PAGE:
Everything you say makes sense, but just to clarify my history since I think it wasn't clear--I had two abnormal paps with HPV positives. Each was followed by a colposcopy with biopsy that I was told were "low grade changes." (I am assuming this was CIN1). Then the third pap I am surmising was ASCUS because I remember the doc saying "it's still slightly abnormal, but less than before so I'm going to hold off on a third colpop"--since at that point I had been having the biopsies every 6 months. This was in 2008. I then had two paps (without HPV testing) that I was just told were normal--in 2009 and 2012--with a new doctor who I guess didn't have my history? I am having a hard time recalling exactly since at the time I wasn't fixated on any of this being a big deal as I was repeatedly reassured it wasn't. When looking at the guidelines, I should have definitely had another HPV test and been followed up with paps more often. So I think the reason this is stressing me out is that never in my life have I gone almost years without a pap, and therefore if I have cancer and die and am not here for my two young children it will be entirely my own fault for being so stupid and letting this go for so long. The study I am referring to is this, btw: https://www.ncbi.nlm.nih.gov/pmc/articles/PMC3616505/

I am interested in the idea that HPV doesn't go from CIN1 to CIn2 and further over many years but rather progresses quickly if at all. My understanding was that at least something like 15% of CIN1 kept progressing eventually. And one thing that has kept me concerned is that I know mine was still there 18 months after the first test when I kept reading it should have cleared by then. And because I never got confirmation of being HPV negative, I continue to worry. Thanks again for your reassurances. Nothing to do but wait for the test (argh and then the results!). 
H. Hunter Handsfield, MD
H. Hunter Handsfield, MD
46 months ago
I really do think you are over-analyzing all this. The additional details of your history don't change my opinion or advice. It is extraordinarily rare, if ever, that someone with your history (and your obvious intent to follow medical follow-up advice very closely) ever gets cervical cancer, and even rarer that she dies of it. That's out of tens of thousands (if not hundreds of thousands) of women each year found to have CIN I, including the ones who, unlike you, are not treated, don't follow their doctors' advice, and have no follow-up at all.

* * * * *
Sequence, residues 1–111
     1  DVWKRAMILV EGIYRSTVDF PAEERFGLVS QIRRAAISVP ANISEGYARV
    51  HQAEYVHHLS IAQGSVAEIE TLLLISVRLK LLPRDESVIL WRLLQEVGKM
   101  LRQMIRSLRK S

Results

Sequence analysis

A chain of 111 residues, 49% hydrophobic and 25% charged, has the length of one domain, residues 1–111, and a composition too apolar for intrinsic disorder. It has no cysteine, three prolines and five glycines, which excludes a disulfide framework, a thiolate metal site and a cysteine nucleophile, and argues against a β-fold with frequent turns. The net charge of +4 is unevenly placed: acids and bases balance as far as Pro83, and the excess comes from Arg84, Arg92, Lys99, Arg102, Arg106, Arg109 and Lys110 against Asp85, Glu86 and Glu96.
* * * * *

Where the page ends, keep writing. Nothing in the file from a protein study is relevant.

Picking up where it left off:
Your 15% figure of CIN 1 progressing sounds about right and I didn't say it can't happen. (I guess it depends on how to interpret my use of "rare". 15% for sure qualifieds as uncommon, if not rare.)

As I said above, I expect your doctor to agree with all this. I'll point out that each question includes two follow-up comments and replies. Perhaps it would be best to hold off on your last one until you have seen the new doctor. In the meantime, do your best to relax. You're doing all the right things and really are not at significant risk for a bad outcome.

---
46 months ago
Hi again-
My babysitter is sick, so I had to reschedule the gyn appt. And now cannot get in until late January! Do you think it's okay to wait this long? Or should I be trying for Planned Parenthood or something more immediate? I know you are saying I am responsibly following up and thus have a low risk of ICC, but the trouble is I've been remiss since the birth of my 2nd son--and by the end of January it will have been nearly 5 years since my last pap, which seems far outside the guidelines, especially for someone with my history of high-risk HPV and CIN1 (despite two normal paps since then). Thanks again! 
H. Hunter Handsfield, MD
H. Hunter Handsfield, MD
46 months ago
In the uncommon cases in which low grade dysplasia (LSIL, CIN I) progresses to cancer, the typical time frame is 10+ years. There is no risk of waiting until January for further evaluation. However, I say this from a strictly medical standpoint; your anxiety and fears deserve attention, and obviously it would be best from that perspective to be seen sooner. You might try having a conversation with the scheduler (or ideally a nurse) in the doctor's office about your anxieties and request they find a way to see you sooner. Practices that book that far in advance often have appointment cancellations as well, and my guess is they could fit you in if they try.

This is the first you have said you had an actual HPV test and that a high risk type was found. But even if so, it doesn't change the risk of progression. The LSIL/CIN I finding determines prognosis, not HPV type. Even with high risk HPV types, the vast majority do not progress to cancer.

That concludes the two follow-up questions and replies included with each original question, and so concludes this thread. Please do your best to think coolly and objectively, and not worry so much about this. Your concerns are way more than those of 99% of women in your situation. Really you shouldn't be worried at all.

I hope the discussion has been helpful. Best wishes.

---